What will happen to my children if I die?

It’s not really a question that is discussed very often; it’s a very uncomfortable thought to consider the possibility that our children will be orphaned before they reach adulthood, but it is worth considering the issue. This is because, with the right preparation, there are many things that can be put in place to protect your children, such as nominating a guardian, and also an administrator of their inheritance and estate until they come of age and can manage on their own. Here I will discuss in general terms, what are the options applicable under Spanish law.
When a child is orphaned, the Civil Code establishes a priority among family members as to who should be appointed guardian. The appointment of a guardian must be made through the appropriate legal proceedings, which sometimes, (where more than one family member is interested in being appointed guardian of the minor) can cause serious and unpleasant disputes within the family or families of both of the deceased parents. Therefore, it is worth addressing this issue in advance to avoid this unhappy and unpleasant scenario.
The best way for parents to avoid a fight for custody of their children is simply to have a Will drafted that clearly defines who should be appointed guardian for their children. If you have already done this, then your choice described in the Will takes precedence, and will avoid the court proceedings that sometimes can get contentious.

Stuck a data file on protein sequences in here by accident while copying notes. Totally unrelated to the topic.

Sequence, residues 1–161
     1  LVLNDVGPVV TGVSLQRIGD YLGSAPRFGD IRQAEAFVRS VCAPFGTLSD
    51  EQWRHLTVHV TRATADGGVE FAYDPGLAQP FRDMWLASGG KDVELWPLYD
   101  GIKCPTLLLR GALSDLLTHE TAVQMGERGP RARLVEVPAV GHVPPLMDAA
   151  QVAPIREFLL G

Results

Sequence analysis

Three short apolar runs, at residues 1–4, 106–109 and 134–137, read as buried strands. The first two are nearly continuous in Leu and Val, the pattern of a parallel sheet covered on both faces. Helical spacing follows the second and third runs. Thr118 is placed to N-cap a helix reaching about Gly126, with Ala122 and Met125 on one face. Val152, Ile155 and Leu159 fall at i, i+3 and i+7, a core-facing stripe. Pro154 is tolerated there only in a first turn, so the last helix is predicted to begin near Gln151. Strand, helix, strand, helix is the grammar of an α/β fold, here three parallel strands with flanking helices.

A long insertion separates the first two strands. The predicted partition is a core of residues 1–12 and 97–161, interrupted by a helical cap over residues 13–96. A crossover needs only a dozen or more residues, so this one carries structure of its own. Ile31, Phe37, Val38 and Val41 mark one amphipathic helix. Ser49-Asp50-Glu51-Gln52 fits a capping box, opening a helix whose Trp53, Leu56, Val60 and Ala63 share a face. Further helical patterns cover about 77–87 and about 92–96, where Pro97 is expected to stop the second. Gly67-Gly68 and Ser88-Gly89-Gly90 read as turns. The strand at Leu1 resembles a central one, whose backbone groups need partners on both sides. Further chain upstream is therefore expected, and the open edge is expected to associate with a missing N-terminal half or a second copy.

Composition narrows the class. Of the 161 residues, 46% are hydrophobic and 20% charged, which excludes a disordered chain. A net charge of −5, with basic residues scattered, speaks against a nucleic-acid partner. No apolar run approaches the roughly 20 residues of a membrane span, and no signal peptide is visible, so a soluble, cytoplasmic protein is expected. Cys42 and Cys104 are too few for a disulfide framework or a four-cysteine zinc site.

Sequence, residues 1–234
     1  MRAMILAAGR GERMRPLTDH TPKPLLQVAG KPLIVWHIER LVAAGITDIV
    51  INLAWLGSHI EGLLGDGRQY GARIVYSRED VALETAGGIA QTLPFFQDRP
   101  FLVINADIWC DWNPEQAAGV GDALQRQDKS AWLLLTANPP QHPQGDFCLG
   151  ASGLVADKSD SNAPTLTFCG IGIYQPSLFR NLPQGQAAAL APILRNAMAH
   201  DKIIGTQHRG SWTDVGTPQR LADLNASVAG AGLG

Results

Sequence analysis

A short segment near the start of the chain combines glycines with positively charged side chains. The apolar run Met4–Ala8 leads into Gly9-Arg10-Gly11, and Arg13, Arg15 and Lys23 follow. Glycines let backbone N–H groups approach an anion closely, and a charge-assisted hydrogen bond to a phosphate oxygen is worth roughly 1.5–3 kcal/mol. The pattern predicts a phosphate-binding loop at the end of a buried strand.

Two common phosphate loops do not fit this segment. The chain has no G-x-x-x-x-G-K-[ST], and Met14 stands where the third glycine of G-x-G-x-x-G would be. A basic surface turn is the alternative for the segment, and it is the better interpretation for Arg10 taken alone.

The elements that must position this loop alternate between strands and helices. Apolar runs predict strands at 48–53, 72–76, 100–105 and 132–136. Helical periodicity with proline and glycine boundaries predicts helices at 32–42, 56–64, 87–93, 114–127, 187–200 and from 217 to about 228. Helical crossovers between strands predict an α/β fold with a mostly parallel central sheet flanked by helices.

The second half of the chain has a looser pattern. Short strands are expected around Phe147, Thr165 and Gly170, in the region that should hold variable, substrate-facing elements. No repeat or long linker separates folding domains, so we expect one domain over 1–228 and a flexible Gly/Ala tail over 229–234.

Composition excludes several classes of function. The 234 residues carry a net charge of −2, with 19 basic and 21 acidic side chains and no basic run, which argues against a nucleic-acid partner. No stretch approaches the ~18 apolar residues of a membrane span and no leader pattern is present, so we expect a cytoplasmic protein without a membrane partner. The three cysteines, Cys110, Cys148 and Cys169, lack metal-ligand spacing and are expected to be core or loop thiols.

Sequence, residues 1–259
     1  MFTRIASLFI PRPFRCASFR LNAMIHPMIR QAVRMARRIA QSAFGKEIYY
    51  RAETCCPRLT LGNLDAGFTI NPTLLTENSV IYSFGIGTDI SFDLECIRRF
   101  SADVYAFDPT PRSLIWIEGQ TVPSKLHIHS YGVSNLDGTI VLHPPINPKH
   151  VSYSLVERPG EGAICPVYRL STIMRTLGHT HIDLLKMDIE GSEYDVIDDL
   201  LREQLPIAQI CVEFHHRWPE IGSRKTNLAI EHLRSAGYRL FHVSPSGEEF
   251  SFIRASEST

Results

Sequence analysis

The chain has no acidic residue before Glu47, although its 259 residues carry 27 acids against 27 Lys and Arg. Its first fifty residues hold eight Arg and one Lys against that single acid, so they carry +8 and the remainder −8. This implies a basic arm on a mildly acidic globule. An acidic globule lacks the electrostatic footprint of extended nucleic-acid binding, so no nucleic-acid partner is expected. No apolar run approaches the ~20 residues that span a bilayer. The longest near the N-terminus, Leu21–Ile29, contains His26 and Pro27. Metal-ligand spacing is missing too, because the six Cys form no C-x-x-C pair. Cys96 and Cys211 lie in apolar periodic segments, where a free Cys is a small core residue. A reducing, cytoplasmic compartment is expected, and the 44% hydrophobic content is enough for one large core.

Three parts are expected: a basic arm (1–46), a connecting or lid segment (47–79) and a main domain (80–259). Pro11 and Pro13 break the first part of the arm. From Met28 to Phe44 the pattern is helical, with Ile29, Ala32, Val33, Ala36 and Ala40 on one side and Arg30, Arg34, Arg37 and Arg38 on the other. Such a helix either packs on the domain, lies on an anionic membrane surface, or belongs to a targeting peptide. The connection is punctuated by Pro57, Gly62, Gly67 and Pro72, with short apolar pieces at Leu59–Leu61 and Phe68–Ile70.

Therefore, with a professionally drafted Will that appoints a guardian, the parents are assured of electing the person they want to be the guardian of their children and avoid any legal dispute within the family. It is of course a good idea to discuss with your chosen guardian, so all parties are aware of your wishes.
With regards to the estate of a minor, it is possible to appoint an administrator who may be someone other than the appointed guardian. If a specific appointment is not defined, then the guardian will also assume the administration of the child’s property. Also, you can appoint an administrator of the child’s property to be inherited, even in cases
where the other parent lives and has the custody of the children. This solution is usual in cases of marital crisis as the best measure to ensure that children receive property by inheritance from one parent, if there has been a separation or divorce before their death. A third party can be appointed as an administrator and this person has a similar role to that of an English trustee. So, as you can see something as simple as making a Will can take care of many complex issues, in addition to the obvious one of appointing heirs. Above all, a Will is a very useful way to avoid unpleasant conflicts in the event that a child is orphaned. If you wish more information on this particular topic or would like to discuss any matter raised therein, contact Rob Westwater or Reyes Gomez Llorente, De Cotta McKenna y Santafe, on 952 527 014.
Offices in Mijas Costa, Coín, Nerja, Granada and Tenerife.
De Cotta McKenna y Santafé
Calle Diputación, 6-2º-A
29780 Nerja, Málaga, Spain
Tel.: (+34) 952 52 70 14 – Fax: (+34) 952 52 34 28
Email: robwestwater@decottalaw.net – website: www.decottalaw.com